THE REFERENDUM ON 23 JUNE is one we really don’t need. It’s not about the future of Britain within the European Union. It’s much more important than that. It’s about who should call the shots inside the Tory Party.
Cameron called the vote to settle accounts with the Euro-sceptic wing of his party. It won’t achieve that. The civil war within the Conservatives will drag on and on.
The argument, as it has been conducted hitherto, is toxic on both sides. The Tory Party is a dwindling bunch of bigots raddled with prejudices of all kinds. It may well be entertaining to see old Etonian millionaires taking lumps out of each other, but what has this to do with the working class?
The EU was set up in the 1950s as a free trade area of six nations. Since then it has grown and grown, covering 28 countries. Its institutions are profoundly antidemocratic. The European Commission is an unelected bunch of bureaucrats. The European Parliament has very little power. The European Central Bank actually organised a bank run against the elected Syriza government in Greece in order to bring to heel an anti-austerity left wing government.
This all sounds terribly un-British. Have you heard of our Privy Council? Thought not. This secretive body can declare a state of emergency in the UK at any time.
The fact is that in any capitalist country the state is an instrument for the rule of one class over another, whether this be a ‘sovereign’ nation state or an association such as the EU.
The EU is not getting very far as a supranational entity. The migration crisis shows it is paralysed, incapable of coming out with a unified policy on this vital issue. Nation states decide what they feel is good for them and to hell with the rest of the EU.
In general the EU is stagnating because capitalism is stagnating. While the In establishment campaign bases itself on ‘Project Fear’, the Out campaigners tap into the anti-establishment mood provoked by the miserable economic performance of capitalism since the economic crisis of 2008. In fact UKIP is a one man band run by Nigel Farage, a former private schoolboy from Dulwich College who became a millionaire commodities trader and left the Tories in 1992 on the issue of the EU. He is an establishment figure to the marrow.
What about sovereignty, the issue the Brexiters care about more than anything else? Sovereignty is illusory in a capitalist economy. You can’t vote whether you’ll get a job or a pay rise next year. The owners of the means of production will decide that for you.
Then there is TTIP (the Transatlantic Trade and Investment Partnership) being negotiated by the EU authorities with the US in secret. This treaty, if signed, will give the corporations power to sue democratically elected governments for ‘loss of earnings’. Under just such an agreement the government of Australia is being dragged through proceedings for the crime of voting for packs of cigarettes to be unlabelled, thus depriving Philip Morris, Asia, of the right to poison Australians for profit. This is a massive surrender of sovereignty to big business, yet the Brexiters just argue that Britain should sign up to the deal as an independent country.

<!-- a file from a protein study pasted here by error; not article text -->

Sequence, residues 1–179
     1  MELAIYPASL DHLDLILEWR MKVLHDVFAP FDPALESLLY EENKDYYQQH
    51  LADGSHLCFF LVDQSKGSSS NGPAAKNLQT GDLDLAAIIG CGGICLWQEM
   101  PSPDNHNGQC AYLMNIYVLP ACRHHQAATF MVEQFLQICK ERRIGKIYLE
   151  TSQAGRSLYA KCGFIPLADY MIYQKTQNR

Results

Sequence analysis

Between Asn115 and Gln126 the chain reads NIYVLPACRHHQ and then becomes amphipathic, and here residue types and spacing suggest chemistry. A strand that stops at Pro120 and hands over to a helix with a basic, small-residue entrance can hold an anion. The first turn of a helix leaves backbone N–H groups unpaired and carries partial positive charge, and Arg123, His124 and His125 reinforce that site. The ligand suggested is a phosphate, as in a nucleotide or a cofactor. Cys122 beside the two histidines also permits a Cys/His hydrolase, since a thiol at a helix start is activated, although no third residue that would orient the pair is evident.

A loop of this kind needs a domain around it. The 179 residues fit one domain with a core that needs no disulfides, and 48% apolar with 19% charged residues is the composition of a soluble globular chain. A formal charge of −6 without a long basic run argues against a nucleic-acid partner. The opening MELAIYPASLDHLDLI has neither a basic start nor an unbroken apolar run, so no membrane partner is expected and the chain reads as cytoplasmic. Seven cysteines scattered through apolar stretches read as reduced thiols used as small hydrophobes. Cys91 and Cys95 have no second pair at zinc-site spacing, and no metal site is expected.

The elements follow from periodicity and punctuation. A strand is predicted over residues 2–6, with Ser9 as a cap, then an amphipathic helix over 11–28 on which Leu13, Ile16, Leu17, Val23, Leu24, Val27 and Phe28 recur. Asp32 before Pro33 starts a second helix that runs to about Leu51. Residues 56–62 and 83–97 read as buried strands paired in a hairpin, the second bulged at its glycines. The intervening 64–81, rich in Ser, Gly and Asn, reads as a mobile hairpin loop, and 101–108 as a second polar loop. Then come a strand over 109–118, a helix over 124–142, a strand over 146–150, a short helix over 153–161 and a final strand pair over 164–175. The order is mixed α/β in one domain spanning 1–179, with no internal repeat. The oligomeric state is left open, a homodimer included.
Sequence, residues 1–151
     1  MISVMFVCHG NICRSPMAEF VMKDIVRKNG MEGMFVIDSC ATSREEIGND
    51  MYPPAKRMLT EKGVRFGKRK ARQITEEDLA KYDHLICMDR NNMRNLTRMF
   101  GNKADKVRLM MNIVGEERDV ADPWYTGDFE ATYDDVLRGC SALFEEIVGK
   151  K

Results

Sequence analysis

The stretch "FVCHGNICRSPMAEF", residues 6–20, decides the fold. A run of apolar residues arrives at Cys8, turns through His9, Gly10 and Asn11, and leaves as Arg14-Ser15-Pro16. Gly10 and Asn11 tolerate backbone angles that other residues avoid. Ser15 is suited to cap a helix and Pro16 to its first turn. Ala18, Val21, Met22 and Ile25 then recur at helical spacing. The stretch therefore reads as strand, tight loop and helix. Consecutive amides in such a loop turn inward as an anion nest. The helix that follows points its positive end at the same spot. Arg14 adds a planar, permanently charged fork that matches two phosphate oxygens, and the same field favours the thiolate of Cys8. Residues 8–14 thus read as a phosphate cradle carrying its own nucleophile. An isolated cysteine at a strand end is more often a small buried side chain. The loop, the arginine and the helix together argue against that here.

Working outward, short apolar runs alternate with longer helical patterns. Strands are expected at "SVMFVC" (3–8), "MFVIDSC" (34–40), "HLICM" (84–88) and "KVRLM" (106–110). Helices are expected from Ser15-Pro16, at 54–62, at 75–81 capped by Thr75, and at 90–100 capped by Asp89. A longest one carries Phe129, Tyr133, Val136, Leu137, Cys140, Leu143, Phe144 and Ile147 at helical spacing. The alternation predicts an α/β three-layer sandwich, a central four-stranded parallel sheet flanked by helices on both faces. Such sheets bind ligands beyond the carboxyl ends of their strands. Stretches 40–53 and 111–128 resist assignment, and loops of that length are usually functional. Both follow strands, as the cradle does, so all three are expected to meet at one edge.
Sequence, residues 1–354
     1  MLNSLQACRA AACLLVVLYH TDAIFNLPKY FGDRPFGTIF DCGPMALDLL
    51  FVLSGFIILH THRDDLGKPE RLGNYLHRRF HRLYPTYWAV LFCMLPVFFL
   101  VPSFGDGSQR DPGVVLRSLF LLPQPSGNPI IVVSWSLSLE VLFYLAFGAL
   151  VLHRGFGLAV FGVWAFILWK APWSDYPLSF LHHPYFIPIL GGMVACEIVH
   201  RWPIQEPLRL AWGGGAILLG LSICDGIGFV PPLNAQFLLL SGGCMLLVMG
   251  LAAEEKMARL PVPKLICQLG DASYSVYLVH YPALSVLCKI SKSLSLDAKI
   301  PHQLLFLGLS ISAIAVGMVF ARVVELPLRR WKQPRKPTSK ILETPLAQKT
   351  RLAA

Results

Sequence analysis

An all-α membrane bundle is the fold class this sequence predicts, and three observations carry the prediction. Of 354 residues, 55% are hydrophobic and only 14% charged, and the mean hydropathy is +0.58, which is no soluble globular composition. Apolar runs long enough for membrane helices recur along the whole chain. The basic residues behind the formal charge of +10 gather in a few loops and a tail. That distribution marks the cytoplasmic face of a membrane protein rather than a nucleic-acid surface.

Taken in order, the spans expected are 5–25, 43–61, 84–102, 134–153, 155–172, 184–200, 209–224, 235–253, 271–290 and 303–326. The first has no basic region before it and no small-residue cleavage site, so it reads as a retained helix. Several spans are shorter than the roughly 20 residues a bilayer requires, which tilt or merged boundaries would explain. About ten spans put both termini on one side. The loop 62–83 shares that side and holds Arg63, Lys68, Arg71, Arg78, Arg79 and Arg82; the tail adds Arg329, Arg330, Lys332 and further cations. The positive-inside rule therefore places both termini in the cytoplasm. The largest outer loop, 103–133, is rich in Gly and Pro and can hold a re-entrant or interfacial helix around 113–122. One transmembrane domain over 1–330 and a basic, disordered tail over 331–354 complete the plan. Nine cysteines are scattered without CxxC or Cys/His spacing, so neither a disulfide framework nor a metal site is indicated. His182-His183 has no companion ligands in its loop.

The EU authorities have also thuggishly bullied the Greek government into capitulating to its debtors and imposing harsh austerity upon the Greek people, in the process turning themselves into the real rulers of the country.
The RMT and other left wing groups supporting Brexit argue that exit from the EU could protect workers’ rights. Billionaire Peter Hargreaves, who bankrolls the Out campaign, has other ideas. Maternity leave, the Working Time Directive and other minimal measures of employment rights, environmental protection and consumer safety guaranteed by the EU could all be ditched upon exit in his view.
The TUC and the Labour Party officially support the In campaign on the grounds of a ‘social Europe’. In fact the institutions of the EU have become increasingly neoliberal over recent years, whittling away workers’ rights. The only secure defence of workers’ rights is through direct trade union and political action by the working class.
Labour desperately needs an independent voice in this referendum campaign. Of course we are not isolationist little Britishers. We stretch out the hand of friendship to workers all over Europe, and beyond. But that does not mean defending the dismal pro–capitalist institutions of the EU. What we need is a Socialist United States of Europe.
Which way you vote or if you abstain, dear reader, is up to you. The Labour Briefing Editorial Board is divided on the issue. In any case it’s not our referendum, it’s their referendum. What is important is that we maintain a clear working class, internationalist position. Workers of the world, unite!